Rainbow Lettering - Fun & Easy Ways to Add Color to Your Calligraphy | Lyssas Letters | Skillshare

Rainbow Lettering - Fun & Easy Ways to Add Color to Your Calligraphy

Lyssas Letters, Hand Lettering Artist

Rainbow Lettering - Fun & Easy Ways to Add Color to Your Calligraphy

Lyssas Letters, Hand Lettering Artist

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10 Lessons (40m)
    • 1. Introduction to Rainbow Lettering!

      2:08
    • 2. Basic Horizontal Rainbow

      4:25
    • 3. Technique 1: Blending with Water

      4:44
    • 4. Technique 2: Blending with Water

      6:01
    • 5. Technique 3: Rainbow Letters with Shading

      9:28
    • 6. 3 Brush Pens on Marker Paper

      2:28
    • 7. Technique 4: Repeating Rainbow

      3:22
    • 8. Designing a Unique Rainbow

      2:57
    • 9. Technique 5: Vertical Rainbow

      3:32
    • 10. Create Your Own Rules

      1:10
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About This Class

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Using rainbow color palettes is the perfect way to make your artwork stand out! It’s time to level up your lettering in this colorful course led by Alyssa (known on Instagram and YouTube as Lyssa’s Letters). You’ll be introduced to several simple and fun techniques using water-based brush pens to add a whole lot of color to your hand lettering artwork! 

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Perfect for lettering-lovers at any level, this course will empower you to boldly add rainbow blends of all types to your letters. Each lesson is jam-packed with demonstrations and examples to help guide you as you learn the essentials of blending and how to add gorgeous rainbows inside and outside of your letters.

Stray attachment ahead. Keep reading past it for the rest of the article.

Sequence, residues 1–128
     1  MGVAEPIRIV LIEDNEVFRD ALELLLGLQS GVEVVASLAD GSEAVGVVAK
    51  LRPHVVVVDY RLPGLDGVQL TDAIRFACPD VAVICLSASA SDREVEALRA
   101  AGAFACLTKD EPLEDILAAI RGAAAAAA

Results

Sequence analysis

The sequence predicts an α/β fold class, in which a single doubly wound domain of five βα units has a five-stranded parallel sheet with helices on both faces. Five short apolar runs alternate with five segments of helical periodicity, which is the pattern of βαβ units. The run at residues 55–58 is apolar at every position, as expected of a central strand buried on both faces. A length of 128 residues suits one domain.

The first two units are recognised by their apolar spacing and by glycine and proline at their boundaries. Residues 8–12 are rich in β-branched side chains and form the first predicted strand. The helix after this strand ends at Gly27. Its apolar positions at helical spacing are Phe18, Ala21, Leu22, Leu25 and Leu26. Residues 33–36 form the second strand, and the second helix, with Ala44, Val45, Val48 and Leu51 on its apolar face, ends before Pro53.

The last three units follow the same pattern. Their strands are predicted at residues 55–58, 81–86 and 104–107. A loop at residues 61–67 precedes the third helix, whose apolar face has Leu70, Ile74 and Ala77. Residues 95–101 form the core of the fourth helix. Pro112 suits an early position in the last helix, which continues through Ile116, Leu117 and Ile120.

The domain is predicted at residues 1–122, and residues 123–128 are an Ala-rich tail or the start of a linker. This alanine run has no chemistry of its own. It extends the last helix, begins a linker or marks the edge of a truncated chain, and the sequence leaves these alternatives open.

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Lessons will include the following topics:

-Making a basic horizontal rainbow

-Blending with water

-Blending with the brush pens on marker paper

-Creating unique rainbow color palettes

-Designing and executing a vertical rainbow in your letters

-Fun ways to add rainbow illustrations to your lettering

Students are encouraged to post all of their practice and finished pieces of artwork that incorporate the blending techniques taught in this class under the projects tab.  

For your daily dose of colorful inspirational art, check out Alyssa’s Instagram Page

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Alyssa (known on Social Media as Lyssa’s Letters) began brush lettering in August 2018. Through her artwork and videos, she hopes to share a message of self-empowerment and to inspire others to create from their hearts! She currently teaches two classes on Skillshare.com and is in the process of designing more classes. 

You can check out her Youtube channel: Lyssa's Letters on Youtube

Royalty-free music from BenSound.com, InShot app (@iksonofficial), and Incompetech.filmmusic.io (by Kevin MacLeod).

*********Recommendations for brush pens and paper:

1. Tombow Dual Brush Pens: best when used on Canson marker paper, Strathmore marker paper, or any brand of bristol board. Use cautiously on mix media paper and VERY rarely on watercolor paper, as the brush nibs fray easily. I also use Tombows on hp premium paper; however, they do not blend on this paper because the ink dries immediately on it. You can layer colors on hp premium paper, though (similar to how one would blend with alcohol markers).

2. Ecoline Brush Pens: best when used on watercolor paper or mix media paper. I prefer Arteza 100% cotton expert watercolor paper and arches cold press watercolor paper. I use Canson mix media paper.

3. Tombow Fudenosuke colors: Best when used on hp premium paper, marker paper, or mix media paper. They tend to look dry and uneven on watercolor paper.

4. Pentel Sign Touch Brush Pens: Can be used on any type of paper!

5. Arteza TwiMarkers: Not great for creating letter shapes but awesome for blending with water. I use them exclusively on mix media paper and watercolor paper.

Meet Your Teacher